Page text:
Nairobi, Kenya | XINHUA | During an outdoor learning session in a school located some 13 kilometers away from the bustling downtown section of Kenya’s capital, Nairobi, learners cheerfully take part in an assortment of activities as teachers look on intently.
The teachers reveal that such outdoor engagements are crucial for the realization of the aspirations of a new school curriculum that seeks to harness every child’s talents and skills.
“The new Competency-Based Curriculum (CBC) understands that learners have varying strengths; some are good in sports, music while others excel in mathematics and other disciplines. It is a curriculum that caters to every child’s abilities,” said Catherine Nyangweso, the principal of Vineyard School.
Questions about the efficiency and success of the new curriculum being implemented in the education system have been rife in the past weeks.
The raging national debate was sparked by parents who lamented over the nature of homework being assigned to learners, the cost implication of executing the assignments as well as the burden of purchasing “too many textbooks.”
The debate has since taken a new direction after a parent who is also an advocate petitioned the courts to halt the implementation of the curriculum citing the economic burden tied to it.
“To be very candid CBC is expensive. The idea is good but the cost implication is great. For example, before my son closed school we had to buy some empty bottles, yarn, and loads of manila for him to do a school activity. The frequency of such requirements is regular and financially exhausting,” said Tom Asendo, a parent.
The aforementioned curriculum was introduced by the Ministry of Education together with other stakeholders in 2017 and rolled out nationally in 2019 at the pre-primary level and grades 1, 2 and 3 in the lower primary to address the inadequacies of the old curriculum.
The shortcomings of the old curriculum that has been in place since 1985, include unnecessary focus on examination overlooking learners’ talents and gifts, lack of adequate practical lessons, and absence of flexible pathways to align learners to their careers and interests early in their education.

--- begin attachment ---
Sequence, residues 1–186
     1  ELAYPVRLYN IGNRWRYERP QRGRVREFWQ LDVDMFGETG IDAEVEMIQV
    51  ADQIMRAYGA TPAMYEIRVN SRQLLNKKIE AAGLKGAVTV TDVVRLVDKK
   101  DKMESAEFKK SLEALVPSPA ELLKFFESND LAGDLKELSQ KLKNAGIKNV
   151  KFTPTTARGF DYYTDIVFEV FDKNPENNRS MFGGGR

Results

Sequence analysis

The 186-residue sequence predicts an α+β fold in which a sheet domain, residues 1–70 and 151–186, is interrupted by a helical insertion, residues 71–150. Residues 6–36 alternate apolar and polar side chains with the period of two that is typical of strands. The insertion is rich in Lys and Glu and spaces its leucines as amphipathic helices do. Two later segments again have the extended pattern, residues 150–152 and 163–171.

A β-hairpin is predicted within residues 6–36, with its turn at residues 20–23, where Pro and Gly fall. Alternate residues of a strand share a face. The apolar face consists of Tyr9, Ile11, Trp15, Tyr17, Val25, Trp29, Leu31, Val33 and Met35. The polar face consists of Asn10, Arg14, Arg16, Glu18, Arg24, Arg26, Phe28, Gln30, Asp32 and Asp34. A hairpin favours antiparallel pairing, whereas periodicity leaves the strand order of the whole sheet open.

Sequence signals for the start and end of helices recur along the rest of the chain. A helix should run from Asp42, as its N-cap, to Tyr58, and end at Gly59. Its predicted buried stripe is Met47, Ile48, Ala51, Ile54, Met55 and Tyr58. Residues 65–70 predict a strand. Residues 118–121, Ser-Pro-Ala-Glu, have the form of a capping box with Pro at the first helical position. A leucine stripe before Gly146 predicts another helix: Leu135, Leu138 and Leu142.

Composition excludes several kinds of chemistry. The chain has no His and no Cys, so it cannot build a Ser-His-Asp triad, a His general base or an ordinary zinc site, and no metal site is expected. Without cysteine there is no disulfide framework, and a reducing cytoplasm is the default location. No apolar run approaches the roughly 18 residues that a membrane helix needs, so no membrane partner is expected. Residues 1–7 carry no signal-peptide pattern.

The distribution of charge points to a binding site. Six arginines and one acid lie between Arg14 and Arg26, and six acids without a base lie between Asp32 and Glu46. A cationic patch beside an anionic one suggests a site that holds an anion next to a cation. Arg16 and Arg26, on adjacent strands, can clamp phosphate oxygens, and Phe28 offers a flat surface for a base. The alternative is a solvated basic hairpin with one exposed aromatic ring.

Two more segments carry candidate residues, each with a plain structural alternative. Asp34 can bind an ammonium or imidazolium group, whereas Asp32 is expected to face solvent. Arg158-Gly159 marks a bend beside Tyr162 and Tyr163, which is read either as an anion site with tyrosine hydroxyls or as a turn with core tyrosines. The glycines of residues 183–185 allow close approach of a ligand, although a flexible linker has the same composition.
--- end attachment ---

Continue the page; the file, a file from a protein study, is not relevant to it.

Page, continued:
The government has remained devoted to the curriculum despite the challenges being pinpointed by naysayers every so often reiterating the rich education diet it provides to learners.
The Kenya institute of curriculum development (KICD) which vets and approves curricular and support materials has asked teachers to consider the most appropriate course books to avoid forcing parents to buy many textbooks.
“Publishers have done a commendable job. We interact with great ideas during evaluation but we have to agree that not all of these books should be made compulsory to be bought by parents. Schools could purchase a few of these as reference materials by teachers and not necessarily as books that pupils must have in class,” said Charles Ong’ondo, the CEO of KICD.
Promoters of the new curriculum have emphasized repeatedly that its success is pegged on the collaboration among teachers, parents, and the learners.
The uproar behind the implementation may have revealed the lack of awareness of the role to be assumed by parents in the new curriculum.
“Parents bear misplaced fears because they lack sufficient knowledge on the CBC. For example, they should refrain from doing assignments no matter the perceived difficulty. The parent is only allowed to offer guidance,” said Nyangweso.
“As a school, we had to orient the parents because many were still having a difficult time wrapping their heads around the idea,” she added.
While the teachers have been adjusting to imparting knowledge using digital devices, analyzing learning outcomes using novel mechanisms, the learners have also been caught up in a state of confusion.
“I had one of our learners who is gifted academically enquire why her performance will not be graded against her peers. She did not understand why she had to work so hard and yet at the end of the day she was not assigned a number to boast of her academic prowess,” said Nyangweso.
Unlike the old system which assigned positions according to examination outcomes, the new curriculum utilizes more in-depth approaches in analyzing assessments, effectively eliminating examination ranking.